No matter what you’re wearing, the TSA screener will be able to see the shape of your belly, butt, penis, breasts, tampon string, colostomy bag, and everything else you have. And so the ACLU (soon to be joined by others, no doubt) is yelling because the images are too revealing—“virtual strip-searches.”

I agree that the TSA is completely out of control, and I despise how they’ve turned airports into slagheaps of anxiety—while adding almost nothing to our actual safety.

But once again, Americans’ shame about our bodies obscures the much bigger civil liberties problems to which we’ve acquiesced at the airport. Who cares that some screener can tell that you’ve had a boob job, or that you’re even flabbier than you seem? It’s just a body. We all have one, and the only person who really cares about yours is you.

The Republic is at stake here. So forget your vanity about your insignificant body, and worry about these serious breeches of our rights:

* Worry about airports filtering which websites you can access using their broadband on your own computer.

* Worry about airlines’ announced plans to filter which websites you’ll be allowed to access once broadband is rolled out on some flights.

* Worry about the books and magazines you’re unable to purchase at airport gift shops because one small-minded company doesn’t want to “offend” anyone.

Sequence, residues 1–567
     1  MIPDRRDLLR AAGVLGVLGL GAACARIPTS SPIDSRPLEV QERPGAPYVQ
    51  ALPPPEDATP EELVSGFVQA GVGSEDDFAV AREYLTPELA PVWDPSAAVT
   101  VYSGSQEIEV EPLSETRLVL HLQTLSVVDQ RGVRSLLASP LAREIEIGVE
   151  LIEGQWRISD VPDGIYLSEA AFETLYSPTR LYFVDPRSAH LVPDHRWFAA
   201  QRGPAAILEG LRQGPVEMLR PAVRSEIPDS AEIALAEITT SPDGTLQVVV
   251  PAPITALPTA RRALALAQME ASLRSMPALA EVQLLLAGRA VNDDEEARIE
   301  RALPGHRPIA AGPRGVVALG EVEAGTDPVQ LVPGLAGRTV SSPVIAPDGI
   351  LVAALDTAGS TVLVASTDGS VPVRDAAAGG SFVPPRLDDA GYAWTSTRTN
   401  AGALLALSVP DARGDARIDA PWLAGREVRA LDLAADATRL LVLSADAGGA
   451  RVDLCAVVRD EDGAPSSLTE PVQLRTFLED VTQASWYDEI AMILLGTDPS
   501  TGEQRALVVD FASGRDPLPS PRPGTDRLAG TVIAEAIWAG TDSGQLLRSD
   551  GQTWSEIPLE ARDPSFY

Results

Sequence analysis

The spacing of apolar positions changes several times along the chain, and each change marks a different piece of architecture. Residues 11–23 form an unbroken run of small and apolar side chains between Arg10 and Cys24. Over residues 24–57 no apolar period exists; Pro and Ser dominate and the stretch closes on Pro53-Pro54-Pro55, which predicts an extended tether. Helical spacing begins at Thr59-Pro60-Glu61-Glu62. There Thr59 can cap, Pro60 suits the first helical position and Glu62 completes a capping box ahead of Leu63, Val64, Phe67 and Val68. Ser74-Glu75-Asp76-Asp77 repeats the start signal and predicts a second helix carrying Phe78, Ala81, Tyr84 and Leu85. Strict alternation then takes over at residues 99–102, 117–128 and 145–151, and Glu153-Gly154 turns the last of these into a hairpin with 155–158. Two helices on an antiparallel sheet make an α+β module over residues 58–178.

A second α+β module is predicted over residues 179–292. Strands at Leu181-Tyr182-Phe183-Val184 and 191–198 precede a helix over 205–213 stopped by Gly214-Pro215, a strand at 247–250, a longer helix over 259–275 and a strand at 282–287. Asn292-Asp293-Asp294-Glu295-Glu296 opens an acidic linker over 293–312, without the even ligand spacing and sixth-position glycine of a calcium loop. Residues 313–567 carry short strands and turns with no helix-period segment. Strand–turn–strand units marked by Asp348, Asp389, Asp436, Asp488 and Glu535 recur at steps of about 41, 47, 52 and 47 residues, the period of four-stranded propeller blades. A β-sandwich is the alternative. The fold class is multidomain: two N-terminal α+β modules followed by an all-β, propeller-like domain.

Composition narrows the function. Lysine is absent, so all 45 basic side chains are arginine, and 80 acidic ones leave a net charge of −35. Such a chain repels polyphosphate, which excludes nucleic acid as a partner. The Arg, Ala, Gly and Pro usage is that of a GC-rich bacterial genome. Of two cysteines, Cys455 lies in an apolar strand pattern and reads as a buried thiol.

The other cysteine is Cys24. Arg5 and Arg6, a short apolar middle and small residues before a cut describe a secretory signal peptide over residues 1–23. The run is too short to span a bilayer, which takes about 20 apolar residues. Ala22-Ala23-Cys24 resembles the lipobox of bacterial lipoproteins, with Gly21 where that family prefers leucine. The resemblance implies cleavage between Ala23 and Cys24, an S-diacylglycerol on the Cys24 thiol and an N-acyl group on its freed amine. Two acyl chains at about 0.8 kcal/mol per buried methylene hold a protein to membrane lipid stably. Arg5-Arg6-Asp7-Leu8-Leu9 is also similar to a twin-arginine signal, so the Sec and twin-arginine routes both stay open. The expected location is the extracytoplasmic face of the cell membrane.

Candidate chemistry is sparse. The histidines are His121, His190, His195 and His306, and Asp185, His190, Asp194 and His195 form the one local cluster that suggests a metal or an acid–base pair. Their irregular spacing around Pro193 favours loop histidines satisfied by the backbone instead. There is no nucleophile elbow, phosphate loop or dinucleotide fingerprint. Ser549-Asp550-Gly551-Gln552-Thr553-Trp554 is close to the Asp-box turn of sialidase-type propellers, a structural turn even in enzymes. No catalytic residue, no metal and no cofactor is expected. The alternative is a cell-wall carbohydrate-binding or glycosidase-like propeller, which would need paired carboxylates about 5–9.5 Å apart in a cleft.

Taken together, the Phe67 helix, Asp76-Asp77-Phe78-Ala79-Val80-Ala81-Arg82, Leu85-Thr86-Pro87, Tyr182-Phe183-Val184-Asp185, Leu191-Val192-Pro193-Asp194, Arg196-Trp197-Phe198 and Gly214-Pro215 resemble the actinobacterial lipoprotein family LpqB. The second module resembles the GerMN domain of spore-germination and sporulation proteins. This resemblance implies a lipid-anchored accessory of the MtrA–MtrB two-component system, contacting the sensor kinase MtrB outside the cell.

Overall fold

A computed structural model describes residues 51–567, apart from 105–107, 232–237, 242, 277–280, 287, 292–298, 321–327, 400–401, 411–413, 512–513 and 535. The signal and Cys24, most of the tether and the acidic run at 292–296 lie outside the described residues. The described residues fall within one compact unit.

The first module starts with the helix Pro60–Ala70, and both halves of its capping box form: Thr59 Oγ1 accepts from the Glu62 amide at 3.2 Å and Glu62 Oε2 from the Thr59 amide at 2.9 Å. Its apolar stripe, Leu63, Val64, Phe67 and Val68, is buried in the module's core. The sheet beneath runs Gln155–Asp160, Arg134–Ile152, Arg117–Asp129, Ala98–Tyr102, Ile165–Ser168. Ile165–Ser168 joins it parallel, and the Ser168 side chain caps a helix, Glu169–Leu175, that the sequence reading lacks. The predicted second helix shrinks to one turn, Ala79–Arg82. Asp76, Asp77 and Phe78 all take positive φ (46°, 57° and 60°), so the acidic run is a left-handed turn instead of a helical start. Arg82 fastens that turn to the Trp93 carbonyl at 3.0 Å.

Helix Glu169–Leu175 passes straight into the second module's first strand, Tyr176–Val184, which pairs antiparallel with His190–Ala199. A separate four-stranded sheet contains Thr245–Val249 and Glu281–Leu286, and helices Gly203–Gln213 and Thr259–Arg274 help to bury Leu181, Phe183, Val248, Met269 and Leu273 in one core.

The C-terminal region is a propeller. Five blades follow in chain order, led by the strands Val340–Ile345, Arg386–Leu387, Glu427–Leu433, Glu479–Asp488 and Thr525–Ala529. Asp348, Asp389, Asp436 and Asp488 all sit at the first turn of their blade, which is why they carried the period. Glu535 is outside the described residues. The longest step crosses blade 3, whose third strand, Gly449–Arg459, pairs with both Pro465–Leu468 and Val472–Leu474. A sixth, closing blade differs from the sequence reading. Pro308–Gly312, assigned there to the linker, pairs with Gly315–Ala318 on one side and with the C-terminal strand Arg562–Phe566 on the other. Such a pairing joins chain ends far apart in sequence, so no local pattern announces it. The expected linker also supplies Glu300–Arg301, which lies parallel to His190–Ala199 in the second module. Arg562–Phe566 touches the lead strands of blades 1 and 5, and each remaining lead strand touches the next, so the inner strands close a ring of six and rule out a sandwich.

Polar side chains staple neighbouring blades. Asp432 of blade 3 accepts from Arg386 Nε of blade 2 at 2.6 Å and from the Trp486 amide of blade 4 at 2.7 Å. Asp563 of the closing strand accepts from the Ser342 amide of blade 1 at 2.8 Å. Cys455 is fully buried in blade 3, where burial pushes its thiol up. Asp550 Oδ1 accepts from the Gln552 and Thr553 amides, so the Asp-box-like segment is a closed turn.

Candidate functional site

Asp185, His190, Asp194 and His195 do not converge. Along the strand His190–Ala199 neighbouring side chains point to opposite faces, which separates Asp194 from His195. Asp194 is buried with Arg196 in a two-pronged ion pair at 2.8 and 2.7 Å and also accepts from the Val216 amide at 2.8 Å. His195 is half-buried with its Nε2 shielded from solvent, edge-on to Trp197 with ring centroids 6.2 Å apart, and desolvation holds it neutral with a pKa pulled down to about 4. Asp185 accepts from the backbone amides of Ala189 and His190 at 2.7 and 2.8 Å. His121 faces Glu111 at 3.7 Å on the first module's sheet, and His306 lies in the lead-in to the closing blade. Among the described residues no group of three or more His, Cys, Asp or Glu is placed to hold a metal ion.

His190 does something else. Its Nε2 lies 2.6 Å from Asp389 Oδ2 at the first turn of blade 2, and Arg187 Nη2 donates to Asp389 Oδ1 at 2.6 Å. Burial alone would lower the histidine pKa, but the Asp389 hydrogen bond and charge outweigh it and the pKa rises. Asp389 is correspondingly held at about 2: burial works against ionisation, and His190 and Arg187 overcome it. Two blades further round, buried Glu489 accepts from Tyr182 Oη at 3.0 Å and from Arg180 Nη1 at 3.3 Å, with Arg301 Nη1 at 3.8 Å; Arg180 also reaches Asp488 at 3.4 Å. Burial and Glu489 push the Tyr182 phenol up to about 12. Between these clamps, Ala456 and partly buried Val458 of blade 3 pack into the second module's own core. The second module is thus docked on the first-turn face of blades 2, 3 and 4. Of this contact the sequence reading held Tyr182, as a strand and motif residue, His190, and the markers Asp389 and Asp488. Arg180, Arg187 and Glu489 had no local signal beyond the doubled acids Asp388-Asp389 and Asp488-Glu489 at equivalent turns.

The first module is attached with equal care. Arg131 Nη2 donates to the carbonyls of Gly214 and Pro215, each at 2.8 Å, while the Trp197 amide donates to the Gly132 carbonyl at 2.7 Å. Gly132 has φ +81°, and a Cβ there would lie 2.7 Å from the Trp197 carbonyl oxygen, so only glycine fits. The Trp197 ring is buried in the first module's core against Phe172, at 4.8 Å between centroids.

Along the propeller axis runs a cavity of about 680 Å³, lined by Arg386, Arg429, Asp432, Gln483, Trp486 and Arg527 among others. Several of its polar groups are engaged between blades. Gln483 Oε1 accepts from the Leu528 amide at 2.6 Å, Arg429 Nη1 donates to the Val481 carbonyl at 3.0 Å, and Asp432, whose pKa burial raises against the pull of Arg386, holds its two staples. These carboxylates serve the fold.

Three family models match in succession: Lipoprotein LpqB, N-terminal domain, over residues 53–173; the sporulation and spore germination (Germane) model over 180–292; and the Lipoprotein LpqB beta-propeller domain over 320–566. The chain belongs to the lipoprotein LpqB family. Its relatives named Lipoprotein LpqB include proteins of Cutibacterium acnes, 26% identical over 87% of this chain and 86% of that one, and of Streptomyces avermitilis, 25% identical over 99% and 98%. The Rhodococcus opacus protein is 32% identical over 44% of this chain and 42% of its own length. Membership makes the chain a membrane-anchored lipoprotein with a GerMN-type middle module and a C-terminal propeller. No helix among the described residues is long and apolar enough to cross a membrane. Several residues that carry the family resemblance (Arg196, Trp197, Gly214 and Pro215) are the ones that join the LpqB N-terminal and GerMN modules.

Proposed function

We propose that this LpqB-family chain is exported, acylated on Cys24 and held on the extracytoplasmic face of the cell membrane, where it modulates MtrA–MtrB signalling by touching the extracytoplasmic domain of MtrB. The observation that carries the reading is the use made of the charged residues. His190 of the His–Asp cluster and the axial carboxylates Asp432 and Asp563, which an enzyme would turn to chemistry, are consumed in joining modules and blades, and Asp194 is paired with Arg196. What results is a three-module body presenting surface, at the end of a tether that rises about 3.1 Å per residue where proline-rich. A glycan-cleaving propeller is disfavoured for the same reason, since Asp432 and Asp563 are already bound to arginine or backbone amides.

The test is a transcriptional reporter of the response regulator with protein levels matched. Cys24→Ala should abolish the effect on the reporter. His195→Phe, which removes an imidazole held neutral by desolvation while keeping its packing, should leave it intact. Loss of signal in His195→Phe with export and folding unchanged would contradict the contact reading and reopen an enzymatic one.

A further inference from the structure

* Worry about being prevented from flying because some airline employee thinks your outfit is too skimpy.

* Worry about government entrapment stings in airport bathrooms.

These all involve real constitutional issues.

And if that isn’t enough, worry that soon people will be allowed to talk on their cell phones during flights. This will surely make us reevaluate the idea that being hijacked is the worst thing that can happen up there.



Forget the Constitution-Young People Are Thinking About Sex!

The grownups are really after young people lately, trying to contain all that darn interest in sex.

We’ve seen a dozen cases around the country of prosecutors trying to jail teens for sexting (“To prove that sexting can ruin your life, we’re going to ruin your life for sexting”).

And we’ve seen newspapers at various colleges (such as Georgetown, Montana, and Kansas) challenged for running columns that discuss sex “too frankly” (that’s code for “honestly”). Montana law professor Kristin Juras, in fact, has called for censorship of the student paper, saying its sex column is harming the reputation of the school and therefore her career. Which leads one to wonder exactly what law she’s professor of.

Keep in mind that the overwhelming majority of college students are legally adults.

The latest attempt to demonize young people’s sexuality involves a state legislator’s attempt to prevent a bunch of students from showing a porn film at the local university. Screw the Constitution, he says, we’re talking threesomes, girl-girl, and anal. This is serious.

When the University of Maryland responded to this bully by cancelling the show, enterprising young students found another venue (college as a training ground for entrepreneurship—excellent!). State Senator Andrew Harris then threatened to withhold the university’s entire $424 million dollar budget.

Now that is a man who knows how to take a trivial situation and give it the attention it deserves. Because now everyone in the state knows about this stupid film, and roughly 5 billion people plan to see it. I’ve just sent him my last book, hoping he’ll ban it. I could use the press.